Yang was alluding, at least in part, to what he characterized as a “strong narrative” among progressive Democrats “that tries to separate everyone into either oppressor or oppressed” — a sorting mechanism that, he suggested, takes a particularly malevolent turn when coupled with growing anti-Israel sentiment on the far left.
“In this narrative, the people of Israel are the oppressors, and what’s interesting is that when you have conversations with other people in other contexts, you could make the case that Jews are actually historically the most oppressed people in the history of the world,” Yang said. “There’s this narrative that’s taking place that’s very binary that will give rise to antisemitism, and that oppressor versus oppressed narrative leaves no room for nuance.”
Yang indicated that he had “encountered people who very much held” that view when his mayoral campaign overlapped with the conflict between Israel and Hamas. As violence intensified last May, Yang weighed in with a supportive statement for the Jewish state. “I’m standing with the people of Israel who are coming under bombardment attacks,” he wrote on Twitter, “and condemn the Hamas terrorists.”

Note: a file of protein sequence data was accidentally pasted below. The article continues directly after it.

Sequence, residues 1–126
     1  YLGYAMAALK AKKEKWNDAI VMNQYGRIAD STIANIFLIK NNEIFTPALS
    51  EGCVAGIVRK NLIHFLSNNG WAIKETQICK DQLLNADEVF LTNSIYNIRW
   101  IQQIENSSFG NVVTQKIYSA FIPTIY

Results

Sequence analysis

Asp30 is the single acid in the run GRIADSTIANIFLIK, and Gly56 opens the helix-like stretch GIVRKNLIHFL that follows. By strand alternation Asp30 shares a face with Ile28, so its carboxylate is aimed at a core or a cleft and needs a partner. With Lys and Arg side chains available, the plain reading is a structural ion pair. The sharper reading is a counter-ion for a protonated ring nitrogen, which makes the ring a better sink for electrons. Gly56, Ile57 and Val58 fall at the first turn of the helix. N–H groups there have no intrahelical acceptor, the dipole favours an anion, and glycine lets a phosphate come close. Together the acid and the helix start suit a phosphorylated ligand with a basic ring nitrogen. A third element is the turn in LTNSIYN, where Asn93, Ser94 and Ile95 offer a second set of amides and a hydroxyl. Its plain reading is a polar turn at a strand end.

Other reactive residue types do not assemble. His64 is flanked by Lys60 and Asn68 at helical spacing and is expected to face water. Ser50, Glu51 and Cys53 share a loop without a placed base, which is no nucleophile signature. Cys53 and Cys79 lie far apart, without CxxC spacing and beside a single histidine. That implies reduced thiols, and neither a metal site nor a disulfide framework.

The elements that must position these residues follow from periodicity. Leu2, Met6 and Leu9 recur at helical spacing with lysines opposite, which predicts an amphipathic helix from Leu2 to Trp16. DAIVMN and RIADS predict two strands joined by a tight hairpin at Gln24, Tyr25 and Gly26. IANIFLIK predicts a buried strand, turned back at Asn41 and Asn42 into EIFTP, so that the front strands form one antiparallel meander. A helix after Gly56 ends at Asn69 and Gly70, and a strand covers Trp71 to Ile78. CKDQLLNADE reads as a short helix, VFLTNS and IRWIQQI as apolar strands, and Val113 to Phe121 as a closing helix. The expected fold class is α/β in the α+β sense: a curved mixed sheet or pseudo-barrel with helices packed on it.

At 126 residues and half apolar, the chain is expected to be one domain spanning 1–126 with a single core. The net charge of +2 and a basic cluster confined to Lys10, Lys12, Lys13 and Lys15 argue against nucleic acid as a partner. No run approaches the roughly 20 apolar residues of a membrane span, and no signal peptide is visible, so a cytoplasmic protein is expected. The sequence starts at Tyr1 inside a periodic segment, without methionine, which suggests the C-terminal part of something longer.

Though his pro-Israel statement echoed those of a number of leading Democratic candidates in the crowded field, Yang found himself subject to the most intense scrutiny from critics who protested that he had excluded Palestinians impacted by the conflict. Over the following days, Yang was uninvited from a Ramadan event and heckled by pro-Palestinian activists at a campaign stop in Queens.
“Utterly shameful,” Rep. Alexandria Ocasio-Cortez (D-NY) declared of Yang’s comments.
Seeking to quell the backlash, Yang released a lengthy note of contrition in which he clarified his initial remarks. “I mourn for every Palestinian life taken before its time as I do for every Israeli,” he said at the time. His statement, however, appeared to do little to appease his detractors, many of whom excoriated the follow-up on social media.
“There were very, very strong emotions and exchanges, certainly around Israel, and some of the sentiments I encountered I did disagree with very significantly,” Yang recalled. He declined to elaborate, simply remarking that he “had exchanges with people who have extreme points of view that I don’t think should be mainstream.”
“I was brought up to believe that the U.S. and Israel are the best of friends, and I was also brought up to believe that your friend can do something that you disagree with and they’re still your friend,” Yang said. “Those are some of the principles that I grew up with that I’ve taken for granted my entire adult life.”